The University of the South Pacific is a Regional University supported by the 12 Pacific Island Countries of Cook Islands, Fiji, Kiribati, Marshall Islands, Nauru, Niue, Samoa, Solomon Islands, Tokelau, Tonga, Tuvalu and Vanuatu.  The Alafua Campus of USP was established in 1977 as the second campus of the University.  Facilities came from the previous South Pacific Regional College of Tropical Agriculture.  The initial library building consisted of two buildings, one accommodating the operational and administrative sections of the library and the other a reading room.  In 1993 the Australian International Development Assistance Bureau assisted Alafua campus with a proposal to upgrade the buildings on site, including the library building.  As a result a new purpose built library was built in 1994 incorporating a conference room and printery.  This is the library that is currently operating.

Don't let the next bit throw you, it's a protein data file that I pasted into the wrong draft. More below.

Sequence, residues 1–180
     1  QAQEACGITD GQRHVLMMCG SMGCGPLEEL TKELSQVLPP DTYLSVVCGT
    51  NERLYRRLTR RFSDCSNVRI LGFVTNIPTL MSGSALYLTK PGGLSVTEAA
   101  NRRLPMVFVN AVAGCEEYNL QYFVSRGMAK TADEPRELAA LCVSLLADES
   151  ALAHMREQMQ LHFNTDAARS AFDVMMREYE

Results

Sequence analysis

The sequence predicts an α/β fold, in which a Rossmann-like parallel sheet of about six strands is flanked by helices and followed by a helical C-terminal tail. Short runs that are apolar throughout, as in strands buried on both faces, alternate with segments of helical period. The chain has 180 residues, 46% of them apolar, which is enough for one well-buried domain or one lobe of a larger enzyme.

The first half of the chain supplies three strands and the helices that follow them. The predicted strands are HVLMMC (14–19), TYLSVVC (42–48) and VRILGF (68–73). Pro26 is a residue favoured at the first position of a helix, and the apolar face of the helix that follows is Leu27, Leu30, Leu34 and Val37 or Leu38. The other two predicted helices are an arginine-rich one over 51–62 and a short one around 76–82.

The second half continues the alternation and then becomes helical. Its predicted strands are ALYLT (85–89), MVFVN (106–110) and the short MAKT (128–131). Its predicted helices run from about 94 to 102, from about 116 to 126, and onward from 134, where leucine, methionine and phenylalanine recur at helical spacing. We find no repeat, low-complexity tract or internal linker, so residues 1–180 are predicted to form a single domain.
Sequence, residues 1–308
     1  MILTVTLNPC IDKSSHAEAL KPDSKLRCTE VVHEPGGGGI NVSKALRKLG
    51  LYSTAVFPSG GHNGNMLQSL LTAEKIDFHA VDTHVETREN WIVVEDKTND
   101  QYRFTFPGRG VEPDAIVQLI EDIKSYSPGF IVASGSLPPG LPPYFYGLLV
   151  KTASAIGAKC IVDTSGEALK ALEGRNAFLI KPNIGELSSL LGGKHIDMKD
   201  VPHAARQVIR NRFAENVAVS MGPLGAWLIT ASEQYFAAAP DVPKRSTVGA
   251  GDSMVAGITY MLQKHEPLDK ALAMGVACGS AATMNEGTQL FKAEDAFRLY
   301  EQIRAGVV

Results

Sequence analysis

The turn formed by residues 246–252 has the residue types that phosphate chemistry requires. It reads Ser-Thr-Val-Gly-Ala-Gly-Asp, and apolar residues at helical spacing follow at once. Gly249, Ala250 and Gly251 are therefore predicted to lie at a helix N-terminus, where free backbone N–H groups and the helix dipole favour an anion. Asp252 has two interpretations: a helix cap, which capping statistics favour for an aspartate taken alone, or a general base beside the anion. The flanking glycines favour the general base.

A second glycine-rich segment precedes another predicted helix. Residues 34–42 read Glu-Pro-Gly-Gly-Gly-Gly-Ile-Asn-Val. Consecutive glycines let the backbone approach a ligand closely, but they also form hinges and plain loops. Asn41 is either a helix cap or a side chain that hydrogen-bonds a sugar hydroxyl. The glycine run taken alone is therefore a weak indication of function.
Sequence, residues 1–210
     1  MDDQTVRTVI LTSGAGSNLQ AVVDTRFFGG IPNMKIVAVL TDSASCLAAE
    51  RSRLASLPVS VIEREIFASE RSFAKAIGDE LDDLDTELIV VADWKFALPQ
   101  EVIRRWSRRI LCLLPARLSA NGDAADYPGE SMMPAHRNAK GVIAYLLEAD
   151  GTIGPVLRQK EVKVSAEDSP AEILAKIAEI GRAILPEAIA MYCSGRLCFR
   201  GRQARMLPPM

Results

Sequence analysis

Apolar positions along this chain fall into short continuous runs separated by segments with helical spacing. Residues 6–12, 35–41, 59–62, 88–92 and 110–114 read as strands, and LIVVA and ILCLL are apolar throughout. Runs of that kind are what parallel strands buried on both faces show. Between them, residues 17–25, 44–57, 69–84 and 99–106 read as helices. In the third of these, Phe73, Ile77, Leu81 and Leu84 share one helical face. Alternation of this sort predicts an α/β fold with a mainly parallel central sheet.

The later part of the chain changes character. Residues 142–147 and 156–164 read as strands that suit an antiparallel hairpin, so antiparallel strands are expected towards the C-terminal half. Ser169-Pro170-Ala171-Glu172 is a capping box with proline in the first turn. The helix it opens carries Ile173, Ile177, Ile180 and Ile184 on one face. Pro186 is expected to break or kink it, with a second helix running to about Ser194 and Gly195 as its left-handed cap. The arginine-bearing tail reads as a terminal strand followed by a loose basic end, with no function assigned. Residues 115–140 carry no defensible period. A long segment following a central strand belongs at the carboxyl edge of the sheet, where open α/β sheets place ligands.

The library houses approximately 17,500 titles consisting of books (Fiction and Non-Fiction), journals, Videos/DVDs and a collection of agricultural articles in files.  Additional services include internet access via 5 student computers and access to a range of electronic databases covering all subject areas.  The USP Alafua Campus Library is open to all Staff and Students of USP and also members of the Community who can become a member of the library or use the resources on campus for research and study.

 

Secretariat of the Pacific Regional Environment Programme - SPREP

SPREP is a regional organisation established by the governments and administrations of the Pacific region to look after its environment. It has grown from a small programme attached to the South Pacific Commission (SPC) in the 1980s into the Pacific region’s major intergovernmental organisation charged with protecting and managing the environment and natural resources. It is based in Apia, Samoa, with over 70 staff.